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Eating soy may reduce risk of certain cancers.

Epidemiological studies indicate that populations consuming plant-based diets have a lower risk of certain cancers than those that consume animal-based diets. Scientists at Solae undertook a meta-analysis to evaluate epidemiological studies that correlate soy consumption to cancer risk in humans. Essentially, their analyses indicate that consuming soy foods could lead to a reduced risk of breast, prostate, and gastrointestinal cancer.

The investigators conducted a Medline search in English-language publications covering soy and breast, prostate and gastrointestinal (esophageal, stomach and colorectal) cancers. They wanted the study to provide a risk estimate, have a 95% confidence interval (95% CI) and have soy intake assessed as soy foods--as a group of soy foods or a specific type of soy food.

Researchers did not include any studies assessing fermented soy foods. They conducted three analyses using a random-effects model and detected publication bias using a trim-and-fill model. Fourteen studies on breast cancer met the criteria.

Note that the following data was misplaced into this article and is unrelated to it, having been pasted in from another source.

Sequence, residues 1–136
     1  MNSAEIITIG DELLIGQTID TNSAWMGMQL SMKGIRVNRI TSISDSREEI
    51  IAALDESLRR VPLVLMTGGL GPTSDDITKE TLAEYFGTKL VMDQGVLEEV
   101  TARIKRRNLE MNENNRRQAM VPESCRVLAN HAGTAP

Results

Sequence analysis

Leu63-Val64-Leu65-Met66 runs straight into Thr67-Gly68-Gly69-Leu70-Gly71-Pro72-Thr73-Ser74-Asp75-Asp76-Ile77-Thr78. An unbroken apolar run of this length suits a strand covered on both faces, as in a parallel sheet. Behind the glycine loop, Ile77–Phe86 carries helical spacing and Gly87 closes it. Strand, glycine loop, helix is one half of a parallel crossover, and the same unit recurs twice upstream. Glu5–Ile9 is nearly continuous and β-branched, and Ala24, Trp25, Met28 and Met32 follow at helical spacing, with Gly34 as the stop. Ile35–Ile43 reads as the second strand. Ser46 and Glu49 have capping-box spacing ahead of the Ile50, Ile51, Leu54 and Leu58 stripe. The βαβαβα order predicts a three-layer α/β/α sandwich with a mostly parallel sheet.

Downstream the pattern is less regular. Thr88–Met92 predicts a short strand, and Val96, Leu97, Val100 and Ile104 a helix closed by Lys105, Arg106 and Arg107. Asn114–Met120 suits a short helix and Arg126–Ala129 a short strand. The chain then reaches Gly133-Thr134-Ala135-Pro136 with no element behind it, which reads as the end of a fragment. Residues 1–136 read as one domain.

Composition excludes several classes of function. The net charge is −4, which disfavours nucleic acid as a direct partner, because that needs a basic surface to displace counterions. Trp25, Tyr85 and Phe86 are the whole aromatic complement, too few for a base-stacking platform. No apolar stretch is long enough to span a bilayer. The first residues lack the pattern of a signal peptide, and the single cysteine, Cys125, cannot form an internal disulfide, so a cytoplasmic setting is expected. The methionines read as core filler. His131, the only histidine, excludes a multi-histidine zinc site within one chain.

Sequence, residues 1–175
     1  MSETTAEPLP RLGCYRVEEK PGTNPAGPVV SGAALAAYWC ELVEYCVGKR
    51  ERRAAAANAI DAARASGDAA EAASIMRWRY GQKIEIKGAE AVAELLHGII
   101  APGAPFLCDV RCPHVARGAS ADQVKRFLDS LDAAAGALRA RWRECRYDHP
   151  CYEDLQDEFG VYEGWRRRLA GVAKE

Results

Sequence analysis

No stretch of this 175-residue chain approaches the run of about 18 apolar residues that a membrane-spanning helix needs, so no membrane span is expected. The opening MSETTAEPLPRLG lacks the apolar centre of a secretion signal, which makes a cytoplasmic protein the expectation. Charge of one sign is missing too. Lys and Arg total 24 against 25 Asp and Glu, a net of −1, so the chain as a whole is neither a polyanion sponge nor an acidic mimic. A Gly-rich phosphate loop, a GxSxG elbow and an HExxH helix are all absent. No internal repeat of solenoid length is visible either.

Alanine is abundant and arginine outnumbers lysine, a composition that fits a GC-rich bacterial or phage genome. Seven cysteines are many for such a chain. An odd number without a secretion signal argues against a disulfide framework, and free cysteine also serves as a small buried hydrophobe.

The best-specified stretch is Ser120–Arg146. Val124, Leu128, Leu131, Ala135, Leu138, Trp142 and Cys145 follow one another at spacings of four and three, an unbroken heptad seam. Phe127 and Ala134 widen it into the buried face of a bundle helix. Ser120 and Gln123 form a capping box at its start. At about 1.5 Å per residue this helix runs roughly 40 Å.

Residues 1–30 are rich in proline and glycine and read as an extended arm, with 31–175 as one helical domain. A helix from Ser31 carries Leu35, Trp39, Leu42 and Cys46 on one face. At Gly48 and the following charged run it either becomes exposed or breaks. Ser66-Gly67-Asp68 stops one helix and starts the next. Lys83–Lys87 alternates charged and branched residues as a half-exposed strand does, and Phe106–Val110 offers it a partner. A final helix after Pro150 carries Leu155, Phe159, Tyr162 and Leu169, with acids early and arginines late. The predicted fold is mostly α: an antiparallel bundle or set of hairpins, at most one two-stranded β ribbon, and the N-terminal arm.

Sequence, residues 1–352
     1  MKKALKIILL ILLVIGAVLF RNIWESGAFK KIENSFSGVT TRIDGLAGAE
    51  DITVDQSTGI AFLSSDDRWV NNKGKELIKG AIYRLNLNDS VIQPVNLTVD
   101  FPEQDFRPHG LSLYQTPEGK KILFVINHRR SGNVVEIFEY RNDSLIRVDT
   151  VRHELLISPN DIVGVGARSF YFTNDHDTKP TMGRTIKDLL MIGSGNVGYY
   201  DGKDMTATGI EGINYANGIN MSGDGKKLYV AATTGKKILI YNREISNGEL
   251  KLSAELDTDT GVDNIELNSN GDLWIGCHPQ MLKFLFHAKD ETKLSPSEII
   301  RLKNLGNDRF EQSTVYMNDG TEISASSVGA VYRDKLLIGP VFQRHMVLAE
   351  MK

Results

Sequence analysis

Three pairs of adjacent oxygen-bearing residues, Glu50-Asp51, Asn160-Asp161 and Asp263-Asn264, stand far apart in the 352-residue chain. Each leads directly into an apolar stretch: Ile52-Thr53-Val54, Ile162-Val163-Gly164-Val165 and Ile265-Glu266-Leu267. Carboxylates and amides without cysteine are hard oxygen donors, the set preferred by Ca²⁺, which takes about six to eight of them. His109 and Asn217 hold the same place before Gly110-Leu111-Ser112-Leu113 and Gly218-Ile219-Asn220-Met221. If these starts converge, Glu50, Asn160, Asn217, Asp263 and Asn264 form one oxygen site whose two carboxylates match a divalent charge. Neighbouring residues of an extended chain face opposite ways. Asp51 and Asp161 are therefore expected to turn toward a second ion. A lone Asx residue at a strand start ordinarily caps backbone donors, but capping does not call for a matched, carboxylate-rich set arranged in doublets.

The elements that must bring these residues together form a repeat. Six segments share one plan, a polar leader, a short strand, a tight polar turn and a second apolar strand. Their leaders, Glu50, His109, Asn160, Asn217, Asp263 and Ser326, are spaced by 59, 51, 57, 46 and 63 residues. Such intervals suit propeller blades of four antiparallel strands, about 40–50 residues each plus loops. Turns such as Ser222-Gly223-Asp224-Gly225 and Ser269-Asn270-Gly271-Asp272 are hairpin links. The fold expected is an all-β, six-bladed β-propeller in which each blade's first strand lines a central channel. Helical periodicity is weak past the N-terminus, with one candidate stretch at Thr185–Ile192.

An analysis of these studies yielded a risk estimate of 0.78, indicating a 22% reduction in breast cancer risk. Six studies on prostate cancer met the criteria. An analysis of these studies showed a risk estimate of 0.66, indicating a 34% risk reduction. Nineteen studies on gastrointestinal cancer met the criteria, and results of the analysis yielded a risk estimate of 0.70, indicating a 30% risk reduction. No publication bias was detected in any of these analyses.

FYI: Soy-based liquid shakes may have the nutritional equivalence of steady behavioral therapy (milk-base shake diets), according to a study in the June 2005 Journal of the American College of Nutrition. The study also claimed that a soy-based liquid shake diet is nutritionally better than most medications for weight loss.

The report indicates that soy-based shakes can help people with other health issues, in addition to losing weight. For example, high cholesterol and trigylceride levels are substantially lessened after the starting of a soy-based shake diet.

The study, headed by Dr. James W. Anderson and Dr. Lars H. Hole from the University of Kentucky, compared a soy-based shake diet with a milk-based shake diet. They decided to choose for their study NutriPharma as their soy-based shake diet. All of the participants in the study did lose weight over the three-month duration of the entire process. What makes the study so significant is that both groups lost roughly the same amount of weight. This shows that soy-based diets are comparable to the traditional milk-based shake diet. Soy-based dieters showed better levels when it came to bad cholesterol (LDL) and triglycerides.

Further information. L. Yan, Cancer Research, Solae Co., 1034 Danforth Dr., St. Louis, MO 63102; phone: 800-325-7108; URL:
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Publication:Emerging Food R&D Report
Date:Jun 1, 2006
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